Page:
The Right Rite of Writing Wrights


Anyway. I was recently looking around for writing exercises other than Mary Sue Litmus Tests—like most people I love frivolous quizzes, and if I can also indulge in reflections on my own writing, so much the better. But it brought me into far too close of contact with the little taboos and fetishes people have to spare themselves the effort of writing well.
  • The taboo on adverbs is simplistic, though not without a grain of truth. A better way to express the principle would be, "Never describe an action as 'general verb + adverb' if you can use a more specific word that incorporates the adverb." That is, nobody should "go quickly"—they should "rush". But there's an exception to that rule, and that is that you should usually just say "said". Even then, though, more specific synonyms can be used sparingly—whisper, shout, etc. for volume; snap, growl, purr etc. for tone. Although as Belloc said, nobody should "laugh" things, because you'd sound like a horse; people do it all the time in books but if you did it in real life they'd lock you away.

    I say "said with a laugh" and never look back.

  • Passive constructions. Again, tabooed. Only, what if the agent is less important than the action? The quintessential example of the former is, "My father was murdered by a six-fingered man." Wesley and Inigo have just established about six-fingered men; the question now is why; and to say "A six-fingered man murdered my father" lacks a certain gravity.

    Avoiding passive constructions is important in business and journalistic writing because passive constructions tend to conceal agents, and therefore allow a mindset where the actions of said agent are just things that happened, not things the person did. But the principle is moot for fiction, though it should only be common in dialogue.

  • People apparently hate descriptions of food, furniture, or scenery; they just want, they claim, enough information to suffice. But know what I say? Think of an anime. Think of Chesterton. Think of Belloc's travel writing (okay, more likely, go read Belloc's travel writing, and then think of it). Notice: many of the best things are descriptions or portrayals of weather, terrain, neighborhoods, food. And the Chesterbelloc manage it without recourse to that godawful verbosity movie writers always use to try and show that a writer character is a good writer. Honestly, red-shift your prose, gentlemen, I got skin cancer from it.

    Anime depicts rain so you can smell it; Chesterton can describe a sunset so you can see it; Belloc can describe a wine so you can taste it (sometimes he just has to tell you its nickname, like that the army-issue chianti they had when he did his compulsory service, as a French citizen, was nicknamed "Iron Filings").

  • "Write what you know." One problem there is, of course, apparently "write what you flatter yourself you know, but actually don't" is a much more popular strategy. And the other is, as TVTropes puts it, MostWritersAreWriters. So a lot of their stories are about writers. And writers...are people who spend a lot of time alone in front of keyboards coming up with nasty things to happen to imaginary people. Why would you tell a story about one of those? You've got an uphill battle getting a sane person to care if a writer lives or dies, sorry.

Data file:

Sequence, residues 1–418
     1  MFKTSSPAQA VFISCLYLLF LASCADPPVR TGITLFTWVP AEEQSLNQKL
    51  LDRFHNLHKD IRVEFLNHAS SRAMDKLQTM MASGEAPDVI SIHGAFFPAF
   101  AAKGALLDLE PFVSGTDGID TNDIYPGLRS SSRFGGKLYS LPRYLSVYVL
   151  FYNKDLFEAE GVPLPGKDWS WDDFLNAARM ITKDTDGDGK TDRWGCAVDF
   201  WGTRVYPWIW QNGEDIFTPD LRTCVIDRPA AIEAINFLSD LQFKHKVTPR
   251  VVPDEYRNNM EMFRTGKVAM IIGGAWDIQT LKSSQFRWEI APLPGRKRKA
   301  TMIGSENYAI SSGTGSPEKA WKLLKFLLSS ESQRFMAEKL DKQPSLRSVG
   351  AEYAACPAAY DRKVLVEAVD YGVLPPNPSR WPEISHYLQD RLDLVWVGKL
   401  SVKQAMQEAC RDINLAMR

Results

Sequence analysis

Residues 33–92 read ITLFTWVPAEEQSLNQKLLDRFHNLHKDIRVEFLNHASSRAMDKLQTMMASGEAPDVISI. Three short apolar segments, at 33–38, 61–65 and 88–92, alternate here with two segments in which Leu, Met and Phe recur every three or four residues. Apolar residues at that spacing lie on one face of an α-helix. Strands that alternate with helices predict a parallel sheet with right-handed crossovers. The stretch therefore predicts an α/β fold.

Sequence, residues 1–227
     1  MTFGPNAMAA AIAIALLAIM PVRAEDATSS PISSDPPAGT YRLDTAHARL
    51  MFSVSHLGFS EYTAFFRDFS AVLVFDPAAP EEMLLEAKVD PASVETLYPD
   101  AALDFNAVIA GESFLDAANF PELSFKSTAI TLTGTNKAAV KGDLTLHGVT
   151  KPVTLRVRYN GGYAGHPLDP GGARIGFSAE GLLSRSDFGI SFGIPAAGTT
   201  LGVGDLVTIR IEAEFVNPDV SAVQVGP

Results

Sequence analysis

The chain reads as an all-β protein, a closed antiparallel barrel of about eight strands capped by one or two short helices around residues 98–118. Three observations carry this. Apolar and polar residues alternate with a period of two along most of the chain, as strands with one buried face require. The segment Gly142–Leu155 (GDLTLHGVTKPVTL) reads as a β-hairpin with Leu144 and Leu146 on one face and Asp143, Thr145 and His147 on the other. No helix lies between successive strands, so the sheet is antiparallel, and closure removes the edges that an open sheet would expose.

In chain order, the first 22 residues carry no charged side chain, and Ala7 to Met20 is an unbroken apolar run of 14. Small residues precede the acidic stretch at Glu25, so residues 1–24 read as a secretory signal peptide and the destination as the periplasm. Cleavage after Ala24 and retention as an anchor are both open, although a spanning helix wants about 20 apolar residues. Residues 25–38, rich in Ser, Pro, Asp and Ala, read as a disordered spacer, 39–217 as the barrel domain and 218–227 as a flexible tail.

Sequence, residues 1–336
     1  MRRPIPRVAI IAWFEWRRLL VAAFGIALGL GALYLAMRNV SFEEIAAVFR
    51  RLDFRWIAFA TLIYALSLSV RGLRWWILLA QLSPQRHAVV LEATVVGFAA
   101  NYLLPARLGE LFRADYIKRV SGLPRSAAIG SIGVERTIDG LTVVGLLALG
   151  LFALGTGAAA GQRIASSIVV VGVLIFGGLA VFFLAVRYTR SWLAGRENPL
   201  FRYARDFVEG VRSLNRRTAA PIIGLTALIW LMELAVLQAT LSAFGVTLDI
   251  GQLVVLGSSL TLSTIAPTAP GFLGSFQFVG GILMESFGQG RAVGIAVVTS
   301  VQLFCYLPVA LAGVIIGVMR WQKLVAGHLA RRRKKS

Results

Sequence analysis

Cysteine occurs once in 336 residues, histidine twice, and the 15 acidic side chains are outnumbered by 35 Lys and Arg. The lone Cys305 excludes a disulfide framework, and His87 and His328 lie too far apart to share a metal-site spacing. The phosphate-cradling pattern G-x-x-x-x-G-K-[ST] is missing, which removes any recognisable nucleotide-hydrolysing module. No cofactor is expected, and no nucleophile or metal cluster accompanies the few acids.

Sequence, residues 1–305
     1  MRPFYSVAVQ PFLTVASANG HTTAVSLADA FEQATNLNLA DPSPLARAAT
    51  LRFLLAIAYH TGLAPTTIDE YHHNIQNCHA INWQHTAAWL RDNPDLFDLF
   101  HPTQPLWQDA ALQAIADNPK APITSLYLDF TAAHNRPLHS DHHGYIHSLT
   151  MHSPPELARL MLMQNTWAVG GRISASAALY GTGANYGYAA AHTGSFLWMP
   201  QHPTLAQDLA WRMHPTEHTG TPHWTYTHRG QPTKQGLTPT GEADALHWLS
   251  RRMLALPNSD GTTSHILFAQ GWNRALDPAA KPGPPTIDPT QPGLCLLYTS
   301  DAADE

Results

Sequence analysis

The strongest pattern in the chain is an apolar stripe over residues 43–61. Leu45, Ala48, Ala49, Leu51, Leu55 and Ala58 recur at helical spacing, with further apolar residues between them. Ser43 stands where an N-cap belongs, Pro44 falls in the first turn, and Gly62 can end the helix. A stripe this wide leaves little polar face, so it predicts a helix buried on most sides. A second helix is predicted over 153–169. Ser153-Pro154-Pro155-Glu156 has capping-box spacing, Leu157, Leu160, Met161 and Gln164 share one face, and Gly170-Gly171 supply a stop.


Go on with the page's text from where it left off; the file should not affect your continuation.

I'm looking at you on this one, Steven King.

  • This:
    Is there a gun in your story? Do you feel a need to mention the exact make and model of the gun? The gun may be too important to your story.
    Uh-huh. Riiiiiight. Or maybe you're just, you know, literate, and don't express moderate surprise on being told that there are different sizes of bullets. Where do they keep this list of what things we can go into detail about, and which we can't? Does it offend this jackass to be told the exact breed of a dog or horse? Does he think you're playing 'Enry sodding 'Iggins if you pin down a character's accent more specifically than "British"?

    Besides, the differences between makes and models of guns can be directly plot-relevant.

    For instance, in my werewolf book, the vampire hunting priest realizes that the girl he's talking to is the werewolf hunter who's been hunting his friends, because she's wearing tight jeans, and has a Makarov tucked into them ("tight jeans are a no-no when you're packing heat," as he tells her later). See, he's seen the police reports, and knows the werewolves were killed with silver Makarov bullets. And he recognizes the Makarov 'cause it's bigger than the similarly shaped Walther PP, which would be a much more common gun in a NATO country than a Makarov.

    How exactly the hell does that plot development happen without going into details?

  • This whole idea that writers need to use their themes to ask questions, and make their readers question themselves. Admitting your ignorance is the beginning of wisdom, but it's not the totality of it. Mere questioning might look impressive to the kind of walking gut that doesn't know questions exist, but I know the only purpose of questioning is answering. Nobody likes a tease.

    Proper writing is not about questioning, or making the reader question. Its primary purpose is, of course, telling a beautiful story; if it's not beautiful in at least one sense, then it's bad. Hate to break it to you but "not beautiful" in an aesthetic endeavor is identical with not good. But "themes", grappling with the eternal verities, can serve the aesthetic—both being the Good, the True can serve the Beautiful. But themes aren't about questions. They're essentially the writer saying, "Hey, you know what, I'll show you my answers. I'll have interesting people act them out for you, in a microcosm of the world the answers I've found have revealed to me."

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